In memoriam: Eric Bentley (1916–2020). Among a long lifetime of achievements, he helped bring Brecht to English-speaking audiences.  (The New York Times, 8/5/20)

“German theaters have the artistic drive as well as the means, thanks to generous government subsidies, to insist that the show go on.”  (The New York Times, 5/19/20; The Guardian, 5/29/20; The New York Times, 7/2/20)

In memoriam: Rolf Hochhuth (1931-2020): playwright and Querdenker; his first and best-known work, Der Stellvertreter, criticized the inaction of Pope Pius XII in World War II.  (Deutsche Welle, 5/14/20; The Telegraph, 5/18/20)

Since the 17th century, the people of Oberammergau have kept their promise to perform the Passion Play almost every tenth year, “celebrating their salvation from one pandemic—until another pandemic forced them to break it.” The play is now postponed until 2022.  (The New York Times, 4/5/2020)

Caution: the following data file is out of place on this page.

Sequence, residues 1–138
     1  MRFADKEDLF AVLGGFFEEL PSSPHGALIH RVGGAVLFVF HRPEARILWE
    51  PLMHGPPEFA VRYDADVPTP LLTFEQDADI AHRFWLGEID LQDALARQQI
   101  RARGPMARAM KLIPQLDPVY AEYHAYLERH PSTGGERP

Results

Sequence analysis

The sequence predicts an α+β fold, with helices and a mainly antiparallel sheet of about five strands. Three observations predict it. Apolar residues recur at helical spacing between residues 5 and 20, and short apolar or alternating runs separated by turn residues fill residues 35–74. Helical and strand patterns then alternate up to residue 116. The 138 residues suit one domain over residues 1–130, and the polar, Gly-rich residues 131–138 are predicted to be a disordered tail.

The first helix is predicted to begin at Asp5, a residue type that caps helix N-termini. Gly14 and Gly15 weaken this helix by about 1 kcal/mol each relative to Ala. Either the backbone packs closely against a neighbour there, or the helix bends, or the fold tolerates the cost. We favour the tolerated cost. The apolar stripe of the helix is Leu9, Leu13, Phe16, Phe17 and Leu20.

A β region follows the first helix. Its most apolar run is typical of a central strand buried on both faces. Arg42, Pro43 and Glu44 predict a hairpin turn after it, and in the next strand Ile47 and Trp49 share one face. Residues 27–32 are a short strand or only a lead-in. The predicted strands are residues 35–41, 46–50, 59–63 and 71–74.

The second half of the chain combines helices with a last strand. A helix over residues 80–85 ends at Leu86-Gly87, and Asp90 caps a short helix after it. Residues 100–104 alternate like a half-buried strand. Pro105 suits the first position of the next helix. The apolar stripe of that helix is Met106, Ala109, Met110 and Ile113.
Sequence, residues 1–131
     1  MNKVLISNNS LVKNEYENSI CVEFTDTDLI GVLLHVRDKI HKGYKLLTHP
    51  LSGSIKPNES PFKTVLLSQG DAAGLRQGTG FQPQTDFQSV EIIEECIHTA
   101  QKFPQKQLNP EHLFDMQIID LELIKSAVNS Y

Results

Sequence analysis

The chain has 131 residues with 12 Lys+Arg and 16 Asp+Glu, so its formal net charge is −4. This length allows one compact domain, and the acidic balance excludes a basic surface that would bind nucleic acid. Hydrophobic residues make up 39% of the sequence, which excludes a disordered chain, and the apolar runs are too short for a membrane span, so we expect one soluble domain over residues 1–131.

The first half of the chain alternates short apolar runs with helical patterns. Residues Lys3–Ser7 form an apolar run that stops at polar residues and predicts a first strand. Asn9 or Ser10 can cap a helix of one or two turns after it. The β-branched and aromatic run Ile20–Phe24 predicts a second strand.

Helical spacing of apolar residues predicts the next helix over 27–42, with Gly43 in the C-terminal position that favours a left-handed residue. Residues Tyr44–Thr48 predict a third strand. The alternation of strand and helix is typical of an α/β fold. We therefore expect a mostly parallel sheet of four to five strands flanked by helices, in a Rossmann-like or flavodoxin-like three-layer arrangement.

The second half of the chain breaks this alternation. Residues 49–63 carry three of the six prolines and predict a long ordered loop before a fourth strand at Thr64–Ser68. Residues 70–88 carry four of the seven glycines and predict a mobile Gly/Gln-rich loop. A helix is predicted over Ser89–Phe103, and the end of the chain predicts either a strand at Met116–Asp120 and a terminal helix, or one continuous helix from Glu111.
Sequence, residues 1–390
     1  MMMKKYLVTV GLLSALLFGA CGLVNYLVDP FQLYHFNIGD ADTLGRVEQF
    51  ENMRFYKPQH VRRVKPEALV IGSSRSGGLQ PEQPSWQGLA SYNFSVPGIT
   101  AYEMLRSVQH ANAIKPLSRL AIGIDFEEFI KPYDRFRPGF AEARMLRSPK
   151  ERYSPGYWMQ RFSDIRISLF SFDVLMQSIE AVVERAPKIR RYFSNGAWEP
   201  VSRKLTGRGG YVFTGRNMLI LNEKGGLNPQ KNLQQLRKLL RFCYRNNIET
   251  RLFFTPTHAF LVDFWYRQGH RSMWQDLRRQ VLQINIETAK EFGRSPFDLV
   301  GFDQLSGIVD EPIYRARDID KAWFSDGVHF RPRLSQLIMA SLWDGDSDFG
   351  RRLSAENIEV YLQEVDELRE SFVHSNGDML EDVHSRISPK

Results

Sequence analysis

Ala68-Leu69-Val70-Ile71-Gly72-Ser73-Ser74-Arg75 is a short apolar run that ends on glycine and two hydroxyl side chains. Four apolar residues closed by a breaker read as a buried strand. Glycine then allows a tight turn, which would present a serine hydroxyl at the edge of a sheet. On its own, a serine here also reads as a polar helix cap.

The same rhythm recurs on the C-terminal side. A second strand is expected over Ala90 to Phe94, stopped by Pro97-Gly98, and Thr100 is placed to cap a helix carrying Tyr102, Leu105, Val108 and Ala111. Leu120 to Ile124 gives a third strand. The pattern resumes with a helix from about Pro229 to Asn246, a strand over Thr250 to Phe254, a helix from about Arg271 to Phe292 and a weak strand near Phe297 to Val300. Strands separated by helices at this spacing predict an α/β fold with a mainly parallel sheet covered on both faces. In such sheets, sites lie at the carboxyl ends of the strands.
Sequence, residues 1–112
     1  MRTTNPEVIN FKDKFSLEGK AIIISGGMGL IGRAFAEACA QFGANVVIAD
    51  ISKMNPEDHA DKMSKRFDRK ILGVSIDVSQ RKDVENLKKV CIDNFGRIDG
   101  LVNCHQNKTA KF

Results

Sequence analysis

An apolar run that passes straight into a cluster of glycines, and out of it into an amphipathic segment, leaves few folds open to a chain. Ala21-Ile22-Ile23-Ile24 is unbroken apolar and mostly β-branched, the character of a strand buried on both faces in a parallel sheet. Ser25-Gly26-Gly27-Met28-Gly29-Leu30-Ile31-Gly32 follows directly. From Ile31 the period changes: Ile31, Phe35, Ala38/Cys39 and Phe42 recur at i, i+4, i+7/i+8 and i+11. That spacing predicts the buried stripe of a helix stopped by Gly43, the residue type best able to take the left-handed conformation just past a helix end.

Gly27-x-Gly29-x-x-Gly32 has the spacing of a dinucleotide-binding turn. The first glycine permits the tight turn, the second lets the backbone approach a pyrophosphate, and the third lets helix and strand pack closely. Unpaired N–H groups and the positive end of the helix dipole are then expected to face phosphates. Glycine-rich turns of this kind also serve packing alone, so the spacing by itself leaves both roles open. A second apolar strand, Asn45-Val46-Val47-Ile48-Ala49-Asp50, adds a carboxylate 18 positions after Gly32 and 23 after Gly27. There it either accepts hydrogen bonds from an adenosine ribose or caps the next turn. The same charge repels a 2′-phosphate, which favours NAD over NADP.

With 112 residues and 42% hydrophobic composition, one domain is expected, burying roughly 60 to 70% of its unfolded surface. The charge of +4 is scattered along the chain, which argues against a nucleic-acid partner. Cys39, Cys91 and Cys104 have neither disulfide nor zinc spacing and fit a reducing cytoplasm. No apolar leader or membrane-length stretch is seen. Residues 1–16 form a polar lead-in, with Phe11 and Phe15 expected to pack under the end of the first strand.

The cultural venues may be closed, but Covid-19 has opened up their performances to wider (online) audiences than ever before.  (The Guardian, 3/16/20)

Onstage in February 2020: René Pollesch renews the world at the Friedrichstadt-Palast, while King Lear’s daughters Regan and Goneril dismantle patriarchy at the Münchner Kammerspiele.  (The New York Times, 2/13/20)

Jaromir Weinberger’s Frühlingsstürme, “the last operetta of the Weimar Republic,” is back on stage at the Komische Oper.  (The New York Times, 1/26/20)

The music from Bartok’s opera Bluebeard’s Castle is entering the public domain—and so Tanztheater Wuppertal is reviving Pina Bausch’s “Bluebeard” for the first time since 1994.  (The New York Times,  1/15/20)

In memoriam: Harry Kupfer (1935–2019), “a towering figure in opera production with a career spanning 60 years.” (The New York Times, 1/3/20; The Guardian, 1/9/20)